Saudi Arabia says its oil tankers were attacked Sunday off the coast of UAE port city of Fujairah.; In this Friday, May 10, 2019 photo released by the U.S. Navy, logistics specialists attach cargo to an MH-60S Sea Hawk helicopter on the flight deck of the Nimitz-class aircraft carrier USS Abraham Lincoln in the Persian Gulf. The aircraft carrier strike group is being deployed to the Persian Gulf to counter an alleged but still-unspecified threat from Iran. DUBAI, United Arab Emirates – The Latest on developments in the Persian Gulf region and elsewhere in the Mideast amid heightened tensions between the U.S. and Iran (all times local): The Qatar-funded satellite news broadcaster Al-Jazeera says that Doha is trying to "defuse escalating tensions" across the Persian Gulf. Al-Jazeera cited an anonymous official on Wednesday night as saying that Qatari Foreign Minister Sheikh Mohammed bin Abdulrahman Al Thani had traveled to Tehran in recent days to speak with his Iranian counterpart, Mohammad Javad Zarif.
Iran's foreign minister said Thursday he is not interested in negotiating with the United States after it pulled out of a 2015 nuclear deal and reinstated stifling economic sanctions on Tehran. "No, there is no possibility for negotiations," Mohammad Javad Zarif answered when asked in an interview with Kyodo News and other Japanese news outlets in Tokyo whether he would be open to holding bilateral talks aimed at easing tensions, including discussions of a proposed prisoner swap. Zarif had said as recently as April that he was willing to exchange Iranian prisoners in the United States, Germany and Australia held on "phony" charges with foreign prisoners in Iran. But Zarif said such a deal was no longer on the table because the United States had set unspecified preconditions. "(The United States) is not in a position to impose preconditions on Iran," he said.
Iran accused the United States Thursday of an "unacceptable" escalation of tensions and said Tehran was showing "maximum restraint" despite Washington's withdrawal from a nuclear deal with world powers. Tensions were already high after President Donald Trump walked away a year ago from the accord, which eased international sanctions in return for curbs on Iran's nuclear program. But tensions have ratcheted up, with the U.S. deploying an aircraft carrier group and B-52 bombers to the Gulf over alleged threats from Iran. "The escalation by the United States is unacceptable," Iranian Foreign Minister Mohammad Javad Zarif said in Tokyo, where he is holding talks with Japanese officials. "We exercise maximum restraint … in spite of the fact that the United States withdrew from JCPOA last May," Zarif said earlier, referring to the agreement on Tehran's nuclear program, which is known as the Joint Comprehensive Plan of Action.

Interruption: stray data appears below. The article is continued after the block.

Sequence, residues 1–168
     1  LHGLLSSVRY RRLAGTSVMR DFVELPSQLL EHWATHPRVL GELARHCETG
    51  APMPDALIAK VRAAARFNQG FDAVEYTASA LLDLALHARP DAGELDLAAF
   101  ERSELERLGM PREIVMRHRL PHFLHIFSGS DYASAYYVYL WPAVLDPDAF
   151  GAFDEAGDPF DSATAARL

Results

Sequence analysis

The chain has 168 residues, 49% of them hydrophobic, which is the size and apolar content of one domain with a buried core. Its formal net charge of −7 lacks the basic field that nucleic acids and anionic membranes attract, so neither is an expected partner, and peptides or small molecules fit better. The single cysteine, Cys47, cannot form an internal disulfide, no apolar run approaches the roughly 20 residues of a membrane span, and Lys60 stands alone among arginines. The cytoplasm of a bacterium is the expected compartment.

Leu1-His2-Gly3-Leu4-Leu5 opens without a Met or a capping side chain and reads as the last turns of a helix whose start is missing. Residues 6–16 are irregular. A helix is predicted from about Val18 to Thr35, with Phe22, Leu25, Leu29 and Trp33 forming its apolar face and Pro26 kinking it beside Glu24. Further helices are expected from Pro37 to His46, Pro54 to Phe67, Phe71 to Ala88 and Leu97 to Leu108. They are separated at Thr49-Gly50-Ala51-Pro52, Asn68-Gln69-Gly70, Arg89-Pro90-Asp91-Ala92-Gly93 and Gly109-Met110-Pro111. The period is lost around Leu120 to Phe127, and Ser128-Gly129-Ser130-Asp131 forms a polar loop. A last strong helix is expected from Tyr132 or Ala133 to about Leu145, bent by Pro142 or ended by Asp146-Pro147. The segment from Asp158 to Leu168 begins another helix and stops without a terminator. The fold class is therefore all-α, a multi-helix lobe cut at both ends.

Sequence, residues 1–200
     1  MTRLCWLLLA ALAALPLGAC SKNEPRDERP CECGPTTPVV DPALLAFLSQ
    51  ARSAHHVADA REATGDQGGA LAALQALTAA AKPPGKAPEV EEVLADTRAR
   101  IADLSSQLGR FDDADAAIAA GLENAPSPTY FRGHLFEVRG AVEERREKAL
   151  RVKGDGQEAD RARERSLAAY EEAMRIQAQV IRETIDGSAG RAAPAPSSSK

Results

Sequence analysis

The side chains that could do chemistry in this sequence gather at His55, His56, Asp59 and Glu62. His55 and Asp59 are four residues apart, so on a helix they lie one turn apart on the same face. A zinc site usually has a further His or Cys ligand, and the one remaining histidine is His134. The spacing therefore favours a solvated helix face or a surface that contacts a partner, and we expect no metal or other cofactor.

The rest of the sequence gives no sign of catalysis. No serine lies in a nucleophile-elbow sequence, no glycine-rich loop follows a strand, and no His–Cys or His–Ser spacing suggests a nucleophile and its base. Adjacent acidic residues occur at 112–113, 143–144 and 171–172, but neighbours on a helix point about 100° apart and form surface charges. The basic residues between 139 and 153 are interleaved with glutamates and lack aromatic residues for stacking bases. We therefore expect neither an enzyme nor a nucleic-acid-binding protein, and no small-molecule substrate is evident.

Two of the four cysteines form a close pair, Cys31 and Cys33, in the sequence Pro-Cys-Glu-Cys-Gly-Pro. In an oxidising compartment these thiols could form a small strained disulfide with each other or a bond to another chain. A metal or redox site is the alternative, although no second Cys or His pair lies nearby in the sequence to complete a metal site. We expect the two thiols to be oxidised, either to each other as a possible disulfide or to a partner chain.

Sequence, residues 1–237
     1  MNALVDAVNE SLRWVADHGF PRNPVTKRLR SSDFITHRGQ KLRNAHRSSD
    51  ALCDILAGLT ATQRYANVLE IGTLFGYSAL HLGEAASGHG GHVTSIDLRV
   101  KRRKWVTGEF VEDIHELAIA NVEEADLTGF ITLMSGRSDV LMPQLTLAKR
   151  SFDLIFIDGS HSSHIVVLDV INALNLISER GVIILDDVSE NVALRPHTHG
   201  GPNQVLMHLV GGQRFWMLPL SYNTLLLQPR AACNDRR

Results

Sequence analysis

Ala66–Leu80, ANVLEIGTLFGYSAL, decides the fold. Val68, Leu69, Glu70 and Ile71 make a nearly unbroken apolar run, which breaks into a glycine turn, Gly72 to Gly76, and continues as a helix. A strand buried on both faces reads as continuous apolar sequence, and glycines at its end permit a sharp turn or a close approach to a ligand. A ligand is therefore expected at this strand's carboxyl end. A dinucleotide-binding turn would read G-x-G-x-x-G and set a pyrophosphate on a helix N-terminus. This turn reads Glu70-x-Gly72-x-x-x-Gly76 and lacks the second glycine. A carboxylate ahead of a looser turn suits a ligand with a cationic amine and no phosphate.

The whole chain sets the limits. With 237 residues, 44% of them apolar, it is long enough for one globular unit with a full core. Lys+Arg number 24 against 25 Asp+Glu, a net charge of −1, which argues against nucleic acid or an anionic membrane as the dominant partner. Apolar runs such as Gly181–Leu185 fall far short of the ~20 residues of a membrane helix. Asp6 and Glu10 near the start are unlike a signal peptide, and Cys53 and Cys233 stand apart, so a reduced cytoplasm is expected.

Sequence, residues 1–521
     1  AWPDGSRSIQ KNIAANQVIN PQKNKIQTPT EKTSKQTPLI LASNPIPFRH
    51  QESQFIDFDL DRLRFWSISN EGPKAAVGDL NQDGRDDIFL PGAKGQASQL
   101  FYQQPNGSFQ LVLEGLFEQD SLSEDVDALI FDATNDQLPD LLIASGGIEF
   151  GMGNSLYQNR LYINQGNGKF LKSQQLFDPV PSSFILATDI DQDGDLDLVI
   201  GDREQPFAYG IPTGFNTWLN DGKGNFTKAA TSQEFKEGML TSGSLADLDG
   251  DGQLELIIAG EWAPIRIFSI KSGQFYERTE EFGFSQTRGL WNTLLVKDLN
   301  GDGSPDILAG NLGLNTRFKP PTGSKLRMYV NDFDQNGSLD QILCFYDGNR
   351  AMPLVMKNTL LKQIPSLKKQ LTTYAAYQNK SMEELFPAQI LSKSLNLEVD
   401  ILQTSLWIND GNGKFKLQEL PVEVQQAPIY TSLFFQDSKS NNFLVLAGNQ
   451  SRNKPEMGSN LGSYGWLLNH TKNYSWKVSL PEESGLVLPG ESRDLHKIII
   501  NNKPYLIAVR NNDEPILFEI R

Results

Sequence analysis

Foreign Minister Fumio Kishida said Japan has decided to offer Iran around €2.05 million ($2.2 million) for nuclear safety initiatives to help the Middle Eastern state implement its historic nuclear deal with the West. "We agreed that bilateral relations are steadily making progress in a wide range of areas, including on cooperation for the steady implementation of the nuclear agreement," Kishida told a joint news conference in Tokyo on Wednesday after talks with Iranian counterpart Mohammad Javad Zarif. Zarif said at the outset of the meeting, which was open to the media, that he welcomed Japan's "constructive contribution" that "strongly pushes the implementation" of the nuclear agreement. The move comes amid uncertainty over the agreement's future following the election of Donald Trump as U.S. president. During the campaign, Trump said that if elected, his "number one priority" as president would be to "dismantle the disastrous deal with Iran," which was spearheaded by President Barack Obama.
SINGAPORE – Japan has conveyed its support to Iran for the Middle Eastern country's efforts to implement an international nuclear deal despite the withdrawal of the United States, a Japanese official said Thursday. During his talks with Iranian Foreign Minister Mohammad Javad Zarif in Singapore, Foreign Minister Taro Kono reiterated that Tokyo continues to support the 2015 nuclear agreement reached by Iran and six major powers including Washington, the official said. Kono and Zarif met on the sidelines of a series of Association of Southeast Asian Nations gatherings in the city-state, the official said in a briefing. In May, U.S. President Donald Trump formally announced his country's withdrawal from the accord, advocating "the highest level of economic sanction" against Iran, which he called "the leading state sponsor of terror." Under the deal struck between Iran and six countries -- the U.K., China, France, Germany, Russia and the United States under Trump's predecessor Barack Obama -- Tehran agreed to curb its nuclear activities in exchange for the lifting of economic sanctions.